Tuesday, August 20, 2013

New Memorial Bridge

A new Memorial Bridge has replaced the original Memorial Bridge at the eastern end of Daniel and State Streets. The bridge is crossed by U.S. Route 1 and connects Portsmouth with Kittery.

Seacoast residents welcomed the new Memorial Bridge after its recent opening by driving, bicycling, jogging, and walking across. It seemed like half the population Portsmouth and Kittery traversed the new span over that first weekend, delighted that the two cities are once again joined together.

I was one of them! For the first time in two years, I walked from Portsmouth to Badger Island and Kittery. A round-trip only takes about fifteen minutes, but while I was in Maine, I took the opportunity to have dinner at Warren’s Lobster House.

View from Warren's Lobster House
I was surprised by some of the differences from the old bridge. Thanks in part to modern building materials, the new Memorial Bridge seems lightweight and flimsy compared with the heavy iron of the original. It is a truss bridge with crisscrossing beams overhead, a bike path so riders no longer have to walk their bikes across, and pedestrian sidewalks on both sides of the roadway.

Perhaps its most distinctive feature are the huge anchor chains that counterbalance the ropes used to raise and lower the heavy counterweights.

Old Bridge Walkway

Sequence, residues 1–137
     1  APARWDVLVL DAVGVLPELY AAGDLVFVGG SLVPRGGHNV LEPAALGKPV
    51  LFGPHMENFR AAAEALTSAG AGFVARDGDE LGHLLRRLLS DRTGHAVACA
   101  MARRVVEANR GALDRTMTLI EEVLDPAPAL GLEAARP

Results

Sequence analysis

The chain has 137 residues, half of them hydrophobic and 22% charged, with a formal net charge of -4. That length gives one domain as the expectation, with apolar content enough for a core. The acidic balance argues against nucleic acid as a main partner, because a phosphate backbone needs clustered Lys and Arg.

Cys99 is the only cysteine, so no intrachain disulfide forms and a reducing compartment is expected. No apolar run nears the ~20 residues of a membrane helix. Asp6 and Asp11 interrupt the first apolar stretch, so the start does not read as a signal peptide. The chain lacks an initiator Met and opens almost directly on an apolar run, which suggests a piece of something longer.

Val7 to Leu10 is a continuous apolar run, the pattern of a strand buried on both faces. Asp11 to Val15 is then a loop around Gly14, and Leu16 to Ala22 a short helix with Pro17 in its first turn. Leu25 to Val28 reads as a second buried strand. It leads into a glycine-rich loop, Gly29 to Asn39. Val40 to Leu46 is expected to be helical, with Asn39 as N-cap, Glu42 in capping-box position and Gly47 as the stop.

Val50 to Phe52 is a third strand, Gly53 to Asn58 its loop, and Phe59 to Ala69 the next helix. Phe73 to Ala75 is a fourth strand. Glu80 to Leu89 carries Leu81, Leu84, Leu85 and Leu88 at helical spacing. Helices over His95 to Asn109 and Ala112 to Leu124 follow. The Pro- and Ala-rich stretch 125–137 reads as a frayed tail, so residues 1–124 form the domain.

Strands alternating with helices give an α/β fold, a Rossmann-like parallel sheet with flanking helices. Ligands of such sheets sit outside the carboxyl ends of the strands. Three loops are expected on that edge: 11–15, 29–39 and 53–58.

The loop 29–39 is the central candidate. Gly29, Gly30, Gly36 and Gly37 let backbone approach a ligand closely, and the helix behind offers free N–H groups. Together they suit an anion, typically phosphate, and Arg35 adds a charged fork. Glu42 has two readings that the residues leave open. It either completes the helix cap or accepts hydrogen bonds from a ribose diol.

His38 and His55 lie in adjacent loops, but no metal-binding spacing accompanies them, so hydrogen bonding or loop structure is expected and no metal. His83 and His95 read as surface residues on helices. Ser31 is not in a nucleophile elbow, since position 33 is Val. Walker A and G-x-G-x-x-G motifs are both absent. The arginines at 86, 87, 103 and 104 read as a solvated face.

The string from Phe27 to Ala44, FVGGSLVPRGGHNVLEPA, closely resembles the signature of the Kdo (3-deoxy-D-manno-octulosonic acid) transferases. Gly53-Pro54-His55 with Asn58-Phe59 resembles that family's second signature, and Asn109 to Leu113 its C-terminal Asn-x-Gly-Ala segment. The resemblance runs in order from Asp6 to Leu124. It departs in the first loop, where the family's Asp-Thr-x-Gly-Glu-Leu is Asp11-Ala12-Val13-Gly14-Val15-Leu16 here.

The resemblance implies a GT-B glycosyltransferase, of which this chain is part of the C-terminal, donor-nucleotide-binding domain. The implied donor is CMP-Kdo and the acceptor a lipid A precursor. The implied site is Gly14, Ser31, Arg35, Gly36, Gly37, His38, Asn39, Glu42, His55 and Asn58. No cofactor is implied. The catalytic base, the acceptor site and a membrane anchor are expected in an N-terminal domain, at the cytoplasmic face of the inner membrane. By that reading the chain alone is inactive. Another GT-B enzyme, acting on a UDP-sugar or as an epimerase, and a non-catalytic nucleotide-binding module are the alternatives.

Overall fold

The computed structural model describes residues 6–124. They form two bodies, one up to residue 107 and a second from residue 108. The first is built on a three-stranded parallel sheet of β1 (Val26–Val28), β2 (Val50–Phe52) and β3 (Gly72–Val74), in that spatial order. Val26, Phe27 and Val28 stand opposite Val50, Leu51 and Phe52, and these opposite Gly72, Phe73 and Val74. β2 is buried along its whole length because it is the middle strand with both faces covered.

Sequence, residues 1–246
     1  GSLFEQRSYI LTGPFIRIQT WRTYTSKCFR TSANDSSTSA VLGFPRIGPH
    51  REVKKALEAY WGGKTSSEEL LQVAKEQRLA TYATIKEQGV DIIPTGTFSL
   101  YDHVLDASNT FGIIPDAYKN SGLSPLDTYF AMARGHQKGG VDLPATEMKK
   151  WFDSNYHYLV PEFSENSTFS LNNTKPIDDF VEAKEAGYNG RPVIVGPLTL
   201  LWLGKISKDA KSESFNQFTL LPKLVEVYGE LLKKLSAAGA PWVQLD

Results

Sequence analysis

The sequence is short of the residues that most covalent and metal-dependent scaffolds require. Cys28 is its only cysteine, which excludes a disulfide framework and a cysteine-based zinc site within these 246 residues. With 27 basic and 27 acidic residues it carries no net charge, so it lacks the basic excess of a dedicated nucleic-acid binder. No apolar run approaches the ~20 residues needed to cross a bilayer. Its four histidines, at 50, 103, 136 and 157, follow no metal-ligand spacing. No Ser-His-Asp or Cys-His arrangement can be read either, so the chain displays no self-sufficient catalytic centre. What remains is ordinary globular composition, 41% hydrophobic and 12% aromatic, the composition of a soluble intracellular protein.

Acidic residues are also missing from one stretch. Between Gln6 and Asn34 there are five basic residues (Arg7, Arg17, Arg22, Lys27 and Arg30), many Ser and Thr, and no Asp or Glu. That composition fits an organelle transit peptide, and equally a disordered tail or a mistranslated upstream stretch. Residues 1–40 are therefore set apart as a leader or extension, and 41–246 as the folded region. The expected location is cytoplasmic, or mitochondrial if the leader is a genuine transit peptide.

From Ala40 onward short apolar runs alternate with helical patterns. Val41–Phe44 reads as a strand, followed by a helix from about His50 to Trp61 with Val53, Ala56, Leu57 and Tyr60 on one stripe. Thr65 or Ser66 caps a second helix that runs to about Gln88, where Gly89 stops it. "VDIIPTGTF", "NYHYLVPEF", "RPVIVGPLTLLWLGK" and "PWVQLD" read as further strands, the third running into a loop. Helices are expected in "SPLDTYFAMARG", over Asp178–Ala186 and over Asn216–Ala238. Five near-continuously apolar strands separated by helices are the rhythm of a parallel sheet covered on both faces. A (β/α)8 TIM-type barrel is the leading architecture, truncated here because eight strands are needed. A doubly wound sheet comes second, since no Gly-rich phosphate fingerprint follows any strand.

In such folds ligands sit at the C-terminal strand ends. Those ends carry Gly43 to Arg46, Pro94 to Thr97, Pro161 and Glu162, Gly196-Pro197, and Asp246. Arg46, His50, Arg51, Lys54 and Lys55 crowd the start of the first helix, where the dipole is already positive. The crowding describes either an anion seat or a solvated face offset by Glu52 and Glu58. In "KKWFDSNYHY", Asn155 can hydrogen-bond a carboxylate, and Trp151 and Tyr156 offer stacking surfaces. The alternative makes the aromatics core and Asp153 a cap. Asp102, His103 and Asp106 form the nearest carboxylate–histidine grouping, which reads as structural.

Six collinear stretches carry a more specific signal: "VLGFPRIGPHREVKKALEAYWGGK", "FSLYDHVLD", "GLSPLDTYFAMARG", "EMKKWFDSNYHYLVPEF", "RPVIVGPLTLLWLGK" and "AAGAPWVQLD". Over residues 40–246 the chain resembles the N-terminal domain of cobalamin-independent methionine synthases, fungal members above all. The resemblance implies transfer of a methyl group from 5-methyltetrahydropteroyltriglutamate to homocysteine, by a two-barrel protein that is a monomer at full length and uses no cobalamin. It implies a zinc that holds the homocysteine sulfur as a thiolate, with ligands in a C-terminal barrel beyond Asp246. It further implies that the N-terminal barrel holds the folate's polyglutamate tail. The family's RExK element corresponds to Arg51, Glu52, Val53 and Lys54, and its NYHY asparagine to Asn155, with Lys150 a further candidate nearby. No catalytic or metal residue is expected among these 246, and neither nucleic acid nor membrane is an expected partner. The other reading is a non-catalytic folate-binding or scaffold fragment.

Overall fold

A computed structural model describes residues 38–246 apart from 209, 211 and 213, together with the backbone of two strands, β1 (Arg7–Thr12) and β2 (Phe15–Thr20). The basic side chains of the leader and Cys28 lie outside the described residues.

I was surprised to discover that, unlike the old bridge, the sidewalks are not separated from the roadway by barriers or the supporting beams, which are now outside the bridge surface. This might create a safety hazard, because I witnessed several people jaywalking from one side of the bridge to the other – dodging traffic in order to see the view from the other side.

New Bridge Walkway
There are no crosswalks on the bridge or on the Maine side, and the nearest crosswalks on the New Hampshire side are the usual ones that connect Daniel and State Streets. Also, because of the heavy foot traffic, the sidewalk was sometimes blocked by people taking pictures of their friends and family, walkers with dogs, and young families with strollers. These sometimes required others to step off the sidewalk onto the bike path in order to pass, causing frustration for bike riders when their path was blocked.

I'm sure the Departments of Transportation will soon add the finishing touches to the bridge approaches, including a memorial park on the New Hampshire side for the original commemorative plaques, and the new Memorial Bridge will be in operation for many years to come.

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